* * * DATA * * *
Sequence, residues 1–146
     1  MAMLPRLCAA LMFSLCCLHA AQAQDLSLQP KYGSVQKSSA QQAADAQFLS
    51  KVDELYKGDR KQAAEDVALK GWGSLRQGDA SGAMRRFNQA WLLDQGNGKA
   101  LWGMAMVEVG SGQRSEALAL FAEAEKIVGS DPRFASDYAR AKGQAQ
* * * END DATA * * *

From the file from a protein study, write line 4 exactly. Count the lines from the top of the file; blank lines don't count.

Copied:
   101  LWGMAMVEVG SGQRSEALAL FAEAEKIVGS DPRFASDYAR AKGQAQ